Although a little less stable overall, PlayStation 4 Pro acts much like Xbox One X, but the issue it has is that the depth of field effect used by the glory kills has even more of a profound impact on performance. Now, on one hand, these kills only last a short time and are not fully interactive and thus control is not compromised - honestly, they serve as a nice momentary breather during hectic battles. On the other hand, this does detract from the fluidity of the presentation.

All of which brings us back to Wolfenstein: The New Colossus - a game that also suffered badly at launch from some pretty severe frame drops from the target 60 frames per second. At the end of last year, a new patch was deployed that included the ability to employ a more aggressive form of dynamic resolution scaling. In short, the scaler could drop to lower pixel counts in order to smooth off the action and to get much, much closer to a locked 60fps.

PS4 ProXbox One X
Thanks to Doom's aggressive temporal anti-aliasing, image quality remains smooth across both platforms but, if you look closely, the Xbox One X version sports increased distant detail.
PS4 ProXbox One X
The frosted blur applied to the glass and bloom lighting are both controlled by output resolution thus a visible difference is evident between the two platforms in this scene.
PS4 ProXbox One X
This scene is fascinating - the 'Corporate Division' sign appears slightly sharper on PS4 Pro but if you look to the right of this screen, the stairs reveal that Xbox One X is rendering this scene at a much higher resolution. There is also a subtle difference in how screen-space reflections are drawn between the two.
PS4 ProXbox One X
The difference in resolution is less noticeable in the more abstract hell levels but at least the surrounding UI has been updated to look great when outputting 4K with razor sharp text.

You lose some clarity, but it greatly improves the fluidity and feel of the game, and it works just as well on both PlayStation 4 Pro and Xbox One X. The results suggest that perhaps taking a more aggressive approach to dynamic scaling would help alleviate the remaining performance issues in this new Doom patch. To put it simply: on PS4 Pro, aggressive scaling allows the visually more complex Wolfenstein 2 to run smoother than the patched Doom.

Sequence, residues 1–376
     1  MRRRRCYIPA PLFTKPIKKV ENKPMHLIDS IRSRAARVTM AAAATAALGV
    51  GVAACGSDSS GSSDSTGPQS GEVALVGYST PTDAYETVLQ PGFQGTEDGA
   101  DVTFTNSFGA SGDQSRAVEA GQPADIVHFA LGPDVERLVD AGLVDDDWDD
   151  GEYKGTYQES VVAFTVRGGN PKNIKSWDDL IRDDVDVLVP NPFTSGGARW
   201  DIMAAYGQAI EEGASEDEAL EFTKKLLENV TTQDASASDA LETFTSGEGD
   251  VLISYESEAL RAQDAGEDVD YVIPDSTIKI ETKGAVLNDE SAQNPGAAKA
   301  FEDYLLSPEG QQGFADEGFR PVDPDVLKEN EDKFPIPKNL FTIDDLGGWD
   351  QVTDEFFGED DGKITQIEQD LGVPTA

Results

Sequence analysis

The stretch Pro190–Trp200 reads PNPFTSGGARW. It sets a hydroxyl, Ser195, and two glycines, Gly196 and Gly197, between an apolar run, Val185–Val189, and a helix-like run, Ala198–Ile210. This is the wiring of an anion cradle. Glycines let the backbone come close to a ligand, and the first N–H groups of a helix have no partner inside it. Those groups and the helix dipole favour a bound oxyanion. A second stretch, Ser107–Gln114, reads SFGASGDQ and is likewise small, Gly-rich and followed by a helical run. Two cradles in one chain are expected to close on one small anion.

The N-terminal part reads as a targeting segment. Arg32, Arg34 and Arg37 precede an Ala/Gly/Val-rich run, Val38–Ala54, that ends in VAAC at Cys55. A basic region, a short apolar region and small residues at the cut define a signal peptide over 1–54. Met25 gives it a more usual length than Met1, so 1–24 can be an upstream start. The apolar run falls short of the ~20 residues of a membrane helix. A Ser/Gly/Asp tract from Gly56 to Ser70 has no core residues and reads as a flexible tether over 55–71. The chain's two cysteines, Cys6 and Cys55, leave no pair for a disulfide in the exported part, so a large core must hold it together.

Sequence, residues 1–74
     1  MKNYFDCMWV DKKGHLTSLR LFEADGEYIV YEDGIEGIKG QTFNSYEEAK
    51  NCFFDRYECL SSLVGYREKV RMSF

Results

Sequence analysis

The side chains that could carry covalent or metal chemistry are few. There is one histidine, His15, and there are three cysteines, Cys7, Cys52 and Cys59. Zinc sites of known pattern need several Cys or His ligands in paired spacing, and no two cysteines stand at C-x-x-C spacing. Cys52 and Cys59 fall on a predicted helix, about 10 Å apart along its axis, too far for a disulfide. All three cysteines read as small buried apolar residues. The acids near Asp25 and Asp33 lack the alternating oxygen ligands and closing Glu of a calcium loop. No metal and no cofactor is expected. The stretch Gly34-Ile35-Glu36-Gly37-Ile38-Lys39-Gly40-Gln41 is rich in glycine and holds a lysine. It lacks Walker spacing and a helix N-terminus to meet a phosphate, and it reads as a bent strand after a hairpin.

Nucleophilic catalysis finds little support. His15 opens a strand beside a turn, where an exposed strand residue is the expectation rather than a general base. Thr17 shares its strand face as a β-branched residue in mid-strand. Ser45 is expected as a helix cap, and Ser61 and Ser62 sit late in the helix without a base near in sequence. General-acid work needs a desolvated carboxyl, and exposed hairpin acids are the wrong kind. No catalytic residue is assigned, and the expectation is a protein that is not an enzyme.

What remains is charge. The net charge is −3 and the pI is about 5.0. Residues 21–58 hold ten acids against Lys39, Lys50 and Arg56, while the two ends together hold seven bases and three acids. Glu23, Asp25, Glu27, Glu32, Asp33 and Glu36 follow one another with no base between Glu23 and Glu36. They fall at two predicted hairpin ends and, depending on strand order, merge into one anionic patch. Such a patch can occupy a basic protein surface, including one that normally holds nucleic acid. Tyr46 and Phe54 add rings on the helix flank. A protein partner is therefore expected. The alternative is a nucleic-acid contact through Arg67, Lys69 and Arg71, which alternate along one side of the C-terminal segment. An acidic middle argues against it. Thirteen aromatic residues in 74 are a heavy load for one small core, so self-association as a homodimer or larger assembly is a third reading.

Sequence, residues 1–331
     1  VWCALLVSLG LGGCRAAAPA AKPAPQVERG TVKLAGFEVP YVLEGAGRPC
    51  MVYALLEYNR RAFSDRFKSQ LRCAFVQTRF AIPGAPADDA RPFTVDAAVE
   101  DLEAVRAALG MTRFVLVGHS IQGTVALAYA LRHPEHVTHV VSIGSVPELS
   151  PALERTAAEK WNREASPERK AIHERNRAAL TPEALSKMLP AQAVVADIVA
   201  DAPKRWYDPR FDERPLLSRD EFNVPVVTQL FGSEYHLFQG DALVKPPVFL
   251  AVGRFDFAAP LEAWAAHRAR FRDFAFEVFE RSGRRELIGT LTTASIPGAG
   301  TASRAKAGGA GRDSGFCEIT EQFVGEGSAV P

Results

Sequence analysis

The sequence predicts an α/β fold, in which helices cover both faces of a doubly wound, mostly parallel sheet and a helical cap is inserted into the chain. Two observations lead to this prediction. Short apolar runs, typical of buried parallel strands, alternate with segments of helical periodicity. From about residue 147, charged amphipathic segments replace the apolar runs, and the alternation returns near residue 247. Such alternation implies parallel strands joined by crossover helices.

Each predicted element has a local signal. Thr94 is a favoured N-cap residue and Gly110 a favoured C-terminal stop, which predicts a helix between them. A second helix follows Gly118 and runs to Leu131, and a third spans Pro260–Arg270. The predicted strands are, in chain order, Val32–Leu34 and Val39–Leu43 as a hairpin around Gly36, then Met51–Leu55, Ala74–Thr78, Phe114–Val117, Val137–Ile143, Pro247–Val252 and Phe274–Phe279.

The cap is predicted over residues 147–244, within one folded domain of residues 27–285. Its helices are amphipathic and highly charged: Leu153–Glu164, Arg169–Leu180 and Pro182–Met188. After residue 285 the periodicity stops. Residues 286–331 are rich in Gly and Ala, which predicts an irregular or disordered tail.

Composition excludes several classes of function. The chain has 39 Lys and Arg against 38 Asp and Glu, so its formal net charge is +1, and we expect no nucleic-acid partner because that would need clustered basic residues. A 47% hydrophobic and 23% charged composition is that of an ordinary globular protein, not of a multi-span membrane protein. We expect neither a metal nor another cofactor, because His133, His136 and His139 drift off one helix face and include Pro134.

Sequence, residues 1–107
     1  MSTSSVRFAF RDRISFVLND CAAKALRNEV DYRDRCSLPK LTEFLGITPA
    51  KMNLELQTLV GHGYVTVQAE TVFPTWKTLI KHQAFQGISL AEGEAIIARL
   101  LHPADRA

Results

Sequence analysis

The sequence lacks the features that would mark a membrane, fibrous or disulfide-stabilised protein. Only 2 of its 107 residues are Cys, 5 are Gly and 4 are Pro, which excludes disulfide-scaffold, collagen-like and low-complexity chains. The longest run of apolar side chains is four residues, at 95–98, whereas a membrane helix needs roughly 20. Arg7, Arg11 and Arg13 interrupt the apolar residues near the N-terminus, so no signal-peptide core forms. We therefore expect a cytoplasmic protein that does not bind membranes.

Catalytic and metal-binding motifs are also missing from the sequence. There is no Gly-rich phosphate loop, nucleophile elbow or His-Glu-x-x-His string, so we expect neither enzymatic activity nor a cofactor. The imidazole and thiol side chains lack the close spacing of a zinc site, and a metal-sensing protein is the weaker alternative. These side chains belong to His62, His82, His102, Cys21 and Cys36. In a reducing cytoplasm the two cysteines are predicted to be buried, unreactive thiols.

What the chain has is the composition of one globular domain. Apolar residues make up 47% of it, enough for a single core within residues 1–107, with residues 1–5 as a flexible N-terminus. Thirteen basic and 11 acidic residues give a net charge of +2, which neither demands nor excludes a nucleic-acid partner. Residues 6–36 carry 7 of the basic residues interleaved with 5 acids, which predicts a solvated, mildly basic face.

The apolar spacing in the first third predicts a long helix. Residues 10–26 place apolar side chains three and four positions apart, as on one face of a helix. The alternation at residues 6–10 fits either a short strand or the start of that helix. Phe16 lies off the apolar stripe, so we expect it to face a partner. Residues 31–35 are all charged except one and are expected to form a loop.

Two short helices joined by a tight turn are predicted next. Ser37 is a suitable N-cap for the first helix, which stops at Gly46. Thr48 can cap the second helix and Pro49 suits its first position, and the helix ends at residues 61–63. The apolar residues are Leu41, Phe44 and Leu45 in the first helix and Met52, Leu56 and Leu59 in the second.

Still, despite the metrics and graphs you'll see in the video embedded above, Doom still manages to feel smoother than you might expect, and the overall experience is overwhelmingly 60 frames per second. Loading it up again reminded me just how good this game looks in motion - especially on Xbox One X. Wolfenstein: The New Colossus is similarly beautiful to behold and its last patch managed to greatly improve the performance situation present at launch. It also serves as an interesting example of how simple options can allow users to tweak the experience to their liking. Those that prefer a more stable frame-rate have that option while others that favour image quality can go down that route. Indeed, it's possible to completely turn off the scaling solution altogether in Wolfenstein 2, although we don't recommend it.

With that in mind, perhaps Doom can be updated once more to allow additional control for users that demand smoother performance? Wolfenstein has demonstrated that id has the tools available to get the job done, and it would be icing on the cake for what remains a really special game.

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About the author

John Linneman

John Linneman

Staff Writer, Digital Foundry

An American living in Germany, John has been gaming and collecting games since the late 80s. His keen eye for and obsession with high frame-rates have earned him the nickname "The Human FRAPS" in some circles. He’s also responsible for the creation of DF Retro.